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THE LETTERS OF ROBERT BROWNING AND ELIZABETH BARRETT BARRETT 1845-1846 R.B. to E.B.B. New Cross, Hatcham, Surrey.[Post-mark, January 10, 1845.] I love your verses with all my heart, dear Miss Barrett,—and this is no off-hand complimentary letter that I shall write,—whatever else, no prompt matter-of-course recognition of your genius, and there a graceful and natural end of the thing. Since the day last week when I first... more...

THE PIED PIPER OF HAMELIN Listen I. Hamelin Town's in Brunswick,By famous Hanover city;The river Weser, deep and wide,Washes its wall on the southern side;A pleasanter spot you never spied;But, when begins my ditty,Almost five hundred years ago,To see the townsfolk suffer soFrom vermin, was a pity.   Listen II. Rats!They fought the dogs and killed the cats,And bit the babies in the cradles,   And ate the cheeses out of the... more...

THE LIFE OF BROWNING Robert Browning, the poet, was the third of that name. The first Robert Browning, a man of energy and ability, held an important post in the Bank of England. His wife, Margaret Tittle, was a Creole from the West Indies, and at the time of her marriage her property was still in the estates owned by her father near St. Kitts. When their son, the second Robert, was seven years of age, his mother died, and his father afterwards... more...

INTRODUCTION Thirteen years after the publication, in 1855, of the Poems, in two volumes, entitled "Men and Women," Browning reviewed his work and made an interesting reclassification of it. He separated the simpler pieces of a lyric or epic cast—such rhymed presentations of an emotional moment, for example, as "Mesmerism" and "A Woman's Last Word," or the picturesque rhymed verse telling a story of an experience, such as "Childe Roland"... more...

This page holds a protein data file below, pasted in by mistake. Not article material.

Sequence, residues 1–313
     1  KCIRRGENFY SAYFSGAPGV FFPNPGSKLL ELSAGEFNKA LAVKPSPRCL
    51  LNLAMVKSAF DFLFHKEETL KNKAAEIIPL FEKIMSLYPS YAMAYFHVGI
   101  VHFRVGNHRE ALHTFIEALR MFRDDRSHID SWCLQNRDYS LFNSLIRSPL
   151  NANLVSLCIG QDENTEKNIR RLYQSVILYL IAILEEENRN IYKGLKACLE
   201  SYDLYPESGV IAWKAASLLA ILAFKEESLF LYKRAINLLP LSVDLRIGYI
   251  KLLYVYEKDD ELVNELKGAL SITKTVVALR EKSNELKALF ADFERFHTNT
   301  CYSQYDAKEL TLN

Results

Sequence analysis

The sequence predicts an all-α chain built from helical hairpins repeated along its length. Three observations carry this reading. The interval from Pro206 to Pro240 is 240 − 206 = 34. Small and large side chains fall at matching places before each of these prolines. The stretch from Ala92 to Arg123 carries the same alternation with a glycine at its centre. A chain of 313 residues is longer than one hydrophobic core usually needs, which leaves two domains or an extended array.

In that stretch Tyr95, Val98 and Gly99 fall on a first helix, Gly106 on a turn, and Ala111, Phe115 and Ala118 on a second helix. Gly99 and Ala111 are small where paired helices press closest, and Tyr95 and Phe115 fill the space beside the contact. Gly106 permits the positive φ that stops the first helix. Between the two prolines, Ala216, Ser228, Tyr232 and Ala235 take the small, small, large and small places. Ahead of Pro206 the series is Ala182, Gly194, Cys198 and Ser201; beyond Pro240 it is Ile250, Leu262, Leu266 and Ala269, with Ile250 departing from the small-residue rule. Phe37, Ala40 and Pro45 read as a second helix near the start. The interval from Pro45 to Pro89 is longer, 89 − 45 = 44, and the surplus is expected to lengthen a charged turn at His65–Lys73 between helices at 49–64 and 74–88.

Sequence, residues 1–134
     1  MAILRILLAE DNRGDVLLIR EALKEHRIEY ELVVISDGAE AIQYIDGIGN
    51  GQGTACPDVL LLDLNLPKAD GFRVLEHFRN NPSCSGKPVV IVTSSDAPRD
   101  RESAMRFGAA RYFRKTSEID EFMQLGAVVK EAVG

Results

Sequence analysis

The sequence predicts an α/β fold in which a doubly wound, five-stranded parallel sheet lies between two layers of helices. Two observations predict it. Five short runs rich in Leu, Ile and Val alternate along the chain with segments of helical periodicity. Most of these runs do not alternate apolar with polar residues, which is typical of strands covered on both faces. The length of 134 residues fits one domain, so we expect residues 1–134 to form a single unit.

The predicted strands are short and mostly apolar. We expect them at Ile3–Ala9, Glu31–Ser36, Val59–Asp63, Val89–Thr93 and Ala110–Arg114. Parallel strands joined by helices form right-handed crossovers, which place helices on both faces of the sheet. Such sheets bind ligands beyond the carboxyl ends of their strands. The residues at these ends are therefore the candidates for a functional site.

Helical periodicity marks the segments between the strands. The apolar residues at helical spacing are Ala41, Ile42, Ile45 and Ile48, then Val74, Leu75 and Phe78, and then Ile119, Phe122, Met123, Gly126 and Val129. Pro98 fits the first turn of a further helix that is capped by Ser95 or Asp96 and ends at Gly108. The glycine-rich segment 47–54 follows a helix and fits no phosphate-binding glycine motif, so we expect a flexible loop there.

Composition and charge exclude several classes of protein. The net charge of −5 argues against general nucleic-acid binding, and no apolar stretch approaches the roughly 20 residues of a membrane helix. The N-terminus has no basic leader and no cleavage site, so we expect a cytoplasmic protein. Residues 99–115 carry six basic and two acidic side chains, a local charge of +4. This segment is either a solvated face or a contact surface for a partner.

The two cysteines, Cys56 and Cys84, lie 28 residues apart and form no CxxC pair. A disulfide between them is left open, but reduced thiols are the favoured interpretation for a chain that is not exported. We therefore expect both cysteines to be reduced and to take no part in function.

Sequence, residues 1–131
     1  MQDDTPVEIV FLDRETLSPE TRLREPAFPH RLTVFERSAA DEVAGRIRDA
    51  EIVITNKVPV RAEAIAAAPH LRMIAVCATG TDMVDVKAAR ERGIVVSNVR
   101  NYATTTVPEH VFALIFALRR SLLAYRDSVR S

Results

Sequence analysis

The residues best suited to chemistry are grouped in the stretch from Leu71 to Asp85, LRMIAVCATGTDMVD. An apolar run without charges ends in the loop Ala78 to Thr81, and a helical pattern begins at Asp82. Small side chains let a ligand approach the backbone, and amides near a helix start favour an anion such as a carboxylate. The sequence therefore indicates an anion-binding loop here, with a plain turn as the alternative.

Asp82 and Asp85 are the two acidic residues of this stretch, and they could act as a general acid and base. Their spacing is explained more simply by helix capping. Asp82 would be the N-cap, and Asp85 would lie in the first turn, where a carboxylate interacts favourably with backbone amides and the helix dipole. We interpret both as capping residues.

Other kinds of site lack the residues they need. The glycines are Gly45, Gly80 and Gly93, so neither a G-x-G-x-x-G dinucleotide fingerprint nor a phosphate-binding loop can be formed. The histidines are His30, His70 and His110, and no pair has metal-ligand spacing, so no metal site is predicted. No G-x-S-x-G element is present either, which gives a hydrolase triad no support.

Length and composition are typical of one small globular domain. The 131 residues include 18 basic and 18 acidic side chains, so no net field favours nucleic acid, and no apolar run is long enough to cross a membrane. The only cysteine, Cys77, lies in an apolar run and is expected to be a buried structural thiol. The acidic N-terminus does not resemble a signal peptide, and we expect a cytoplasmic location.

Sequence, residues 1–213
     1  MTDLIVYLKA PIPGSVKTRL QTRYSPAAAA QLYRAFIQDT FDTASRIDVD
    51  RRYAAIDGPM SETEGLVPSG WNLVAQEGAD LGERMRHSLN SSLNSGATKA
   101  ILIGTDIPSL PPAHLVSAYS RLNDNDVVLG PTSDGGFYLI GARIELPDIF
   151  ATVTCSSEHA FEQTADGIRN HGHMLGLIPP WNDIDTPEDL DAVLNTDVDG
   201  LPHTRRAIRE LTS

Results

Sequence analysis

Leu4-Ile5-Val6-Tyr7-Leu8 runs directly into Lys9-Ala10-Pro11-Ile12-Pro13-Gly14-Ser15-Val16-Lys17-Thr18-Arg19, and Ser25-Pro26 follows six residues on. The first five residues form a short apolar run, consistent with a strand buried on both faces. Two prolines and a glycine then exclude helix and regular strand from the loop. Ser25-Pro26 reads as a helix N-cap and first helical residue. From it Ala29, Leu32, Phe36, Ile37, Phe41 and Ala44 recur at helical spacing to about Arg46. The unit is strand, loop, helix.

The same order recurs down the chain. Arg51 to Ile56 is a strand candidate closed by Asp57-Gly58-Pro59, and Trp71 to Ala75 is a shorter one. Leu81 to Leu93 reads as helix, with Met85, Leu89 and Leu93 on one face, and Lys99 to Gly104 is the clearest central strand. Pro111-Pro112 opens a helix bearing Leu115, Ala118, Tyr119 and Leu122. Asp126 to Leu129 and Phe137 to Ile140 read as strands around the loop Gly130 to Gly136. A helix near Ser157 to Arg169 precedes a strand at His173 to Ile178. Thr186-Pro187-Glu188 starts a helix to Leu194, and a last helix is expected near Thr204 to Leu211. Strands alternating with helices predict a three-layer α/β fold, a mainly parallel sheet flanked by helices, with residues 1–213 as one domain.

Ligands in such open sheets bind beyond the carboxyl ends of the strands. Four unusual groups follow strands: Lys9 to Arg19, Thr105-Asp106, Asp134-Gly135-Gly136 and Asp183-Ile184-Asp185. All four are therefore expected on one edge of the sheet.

Chapter 1 Origin of the Browning Family—Robert Browning's Grandfather—His position and Character—His first and second Marriage—Unkindness towards his eldest Son, Robert Browning's Father—Alleged Infusion of West Indian Blood through Robert Browning's Grandmother—Existing Evidence against it—The Grandmother's Portrait. A belief was current in Mr. Browning's lifetime that he had Jewish blood in his veins.... more...


INTRODUCTION [The Dramatic Romances,...] enriched by some of the poems originally printed in Men and Women, and a few from Dramatic Lyrics as first printed, include some of Browning's finest and most characteristic work. In several of them the poet displays his familiarity with the life and spirit of the Renaissance—a period portrayed by him with a fidelity more real than history—for he enters into the feelings that give rise to... more...

I Out of the little chapel I burst  Into the fresh night-air again.Five minutes full, I waited first  In the doorway, to escape the rainThat drove in gusts down the common's centre  At the edge of which the chapel stands,Before I plucked up heart to enter.  Heaven knows how many sorts of handsReached past me, groping for the latchOf the inner door that hung on catchMore obstinate the more they... more...

My dear Dr. Corson, I waited some days after the arrival of your Book and Letter, thinking I might be able to say more of my sense of your goodness: but I can do no more now than a week ago. You "hope I shall not find too much to disapprove of": what I ought to protest against, is "a load to sink a navy—too much honor": how can I put aside your generosity, as if cold justice—however befitting myself— would be in better... more...

INTRODUCTORY NOTE ROBERT BROWNING stands, in respect to his origin and his career, in marked contrast to the two aristocratic poets beside whose dramas his "Blot in the 'Scutcheon" is here printed. His father was a bank clerk and a dissenter at a time when dissent meant exclusion from Society; the poet went neither to one of the great public schools nor to Oxford or Cambridge; and no breath of scandal touched his name. Born in London in 1812, he... more...